3 hotels serve as a background for the famous Netflix series. Αre The Queen’s Gambit hotels real?
It is one of the most popular and appraised TV series now. The Queen’s Gambit appeared at the Netflix menu a few weeks ago and managed to capture our hearts with its original story based on a book by Walter Tavis. The story is about Beth Harmon, a young girl who reveals an astonishing talent for chess in a 50s orphanage and begins an unlikely journey to stardom while grappling with addiction.
Apart from the captivating plot and the heroine’s immaculate style, there are also stunning sets and locations, rich in details of the Cold War era during which The Queen’s Gambit takes place. As α chess champion, Beth takes part in numerous tournaments, traveling the technicolor universe of the 60s and staying at luxurious hotels around the world.
Among the awesome locations of the popular Netflix series, there are three hotels that serve as a background to the story, sometimes stealing the show with their ambiance and design. Let’s see them!
The Queen’s Gambit hotels: Hotel Mariposa in Las Vegas
Episode 3 “Doubled Pawns”: Ιn 1966, Beth and her stepmother travel to Las Vegas for the US OPEN competition. The moment we see the two women approaching a modernistic building and entering a lobby that looks like a mid-century design heaven, we fall in love with the so-called Hotel Mariposa.
Bold geometric patterns and a palette of pastel colors create an alluring retro aesthetic in both the lobby and the rooms. Furniture and architectural details that seem to have been designed by famous Scandinavian masters are everywhere making us wonder where this amazing hotel is.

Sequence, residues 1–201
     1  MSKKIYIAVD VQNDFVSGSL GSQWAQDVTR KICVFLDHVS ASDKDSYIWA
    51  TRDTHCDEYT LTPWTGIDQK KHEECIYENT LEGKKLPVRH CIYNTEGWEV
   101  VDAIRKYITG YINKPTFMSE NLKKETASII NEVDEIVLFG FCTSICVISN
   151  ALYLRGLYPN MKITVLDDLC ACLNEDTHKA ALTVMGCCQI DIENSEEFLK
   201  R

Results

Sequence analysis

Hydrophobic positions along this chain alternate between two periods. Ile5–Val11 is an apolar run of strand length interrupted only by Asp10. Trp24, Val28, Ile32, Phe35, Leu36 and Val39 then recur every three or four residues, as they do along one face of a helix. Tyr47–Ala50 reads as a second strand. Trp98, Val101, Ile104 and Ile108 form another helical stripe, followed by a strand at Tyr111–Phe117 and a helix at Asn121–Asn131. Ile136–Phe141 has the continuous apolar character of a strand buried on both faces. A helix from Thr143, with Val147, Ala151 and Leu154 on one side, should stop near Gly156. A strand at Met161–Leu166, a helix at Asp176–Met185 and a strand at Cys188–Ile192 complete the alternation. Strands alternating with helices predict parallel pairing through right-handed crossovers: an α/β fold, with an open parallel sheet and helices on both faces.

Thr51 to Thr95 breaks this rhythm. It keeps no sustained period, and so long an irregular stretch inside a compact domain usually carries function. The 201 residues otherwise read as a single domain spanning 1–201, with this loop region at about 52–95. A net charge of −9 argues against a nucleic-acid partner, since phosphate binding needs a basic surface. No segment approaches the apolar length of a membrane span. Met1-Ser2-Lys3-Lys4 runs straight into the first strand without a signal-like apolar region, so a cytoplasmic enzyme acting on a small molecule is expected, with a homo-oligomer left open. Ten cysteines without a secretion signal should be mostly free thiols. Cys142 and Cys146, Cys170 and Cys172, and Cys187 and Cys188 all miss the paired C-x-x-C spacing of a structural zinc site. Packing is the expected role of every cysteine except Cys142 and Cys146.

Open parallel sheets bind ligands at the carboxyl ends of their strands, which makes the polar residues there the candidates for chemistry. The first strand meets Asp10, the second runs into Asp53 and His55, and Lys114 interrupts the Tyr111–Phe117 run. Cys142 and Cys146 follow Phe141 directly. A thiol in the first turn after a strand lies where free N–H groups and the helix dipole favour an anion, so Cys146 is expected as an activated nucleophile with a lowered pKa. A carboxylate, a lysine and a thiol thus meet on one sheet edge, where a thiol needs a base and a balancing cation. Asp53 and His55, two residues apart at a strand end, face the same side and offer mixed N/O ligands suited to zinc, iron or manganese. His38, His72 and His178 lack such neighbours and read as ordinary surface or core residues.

Well, the hotel is fictional but the building is real. The actual building is located at Messe Berlin and is a big exhibition center built in 1950. Full of retro charm, The Palais am Fukturm was designed by Bruno Grimmek and built in 1956.
The Queen’s Gambit hotels: Aztek Palace in Mexico City
In episode 4 “Middle Game”, Beth and Alma travel to Mexico City for one more chess tournament. They are very happy to stay at grandioso Aztek Palace which evokes the vibes of a landmark hotel, located at an iconic spot of its city.
Again the set is located in Berlin. The hotel exterior is actually the façade of the new building of Friedrichstadt-Palast, which opened in 1984. The lobby featured in the series also belongs to it.
The enormous building is the last historic landmark building that was built in the GDR. After the fall of the Wall, the Palast established itself as the first address in reunified Germany for extravagant and spectacular show entertainment.
The Queen’s Gambit hotels: Moscow Hotel
During the final episode, Beth, who is at the peak of her career as a chess champion, travels to Moscow in an immaculate 60s wardrobe and stays in a hotel with an imposing Soviet-era architectural style. Grey colors, massive proportions, and austere lines, all trademarks of the socialist architecture, come in contrast with the pop, curved shapes of Las Vegas.
Karl Marx Boulevard
The façade belongs to a block of flats on Karl Marx Boulevard again in Berlin, a monumental socialist boulevard built between 1952 and 1960 in Berlin Friedrichshain and Mitte.
The scenes at the hotel restaurant were filmed at Kino International. Completed in 1963, Kino International was one of East Berlin’s premiere theaters before the fall of the wall. Now it serves as a historic gem that shows selected pictures and hosts the occasional soiree. Along with the glamorous 60s style décor, the building design invites visitors to step back into a different epoch in the city’s history.
It seems the architecturally volatile city of Berlin proved to be the ideal source for locations of the production of The Queen’s Gambit, featuring a large scale of architectural styles from post-war modernism to austere soviet style created by the German Democratic Republic.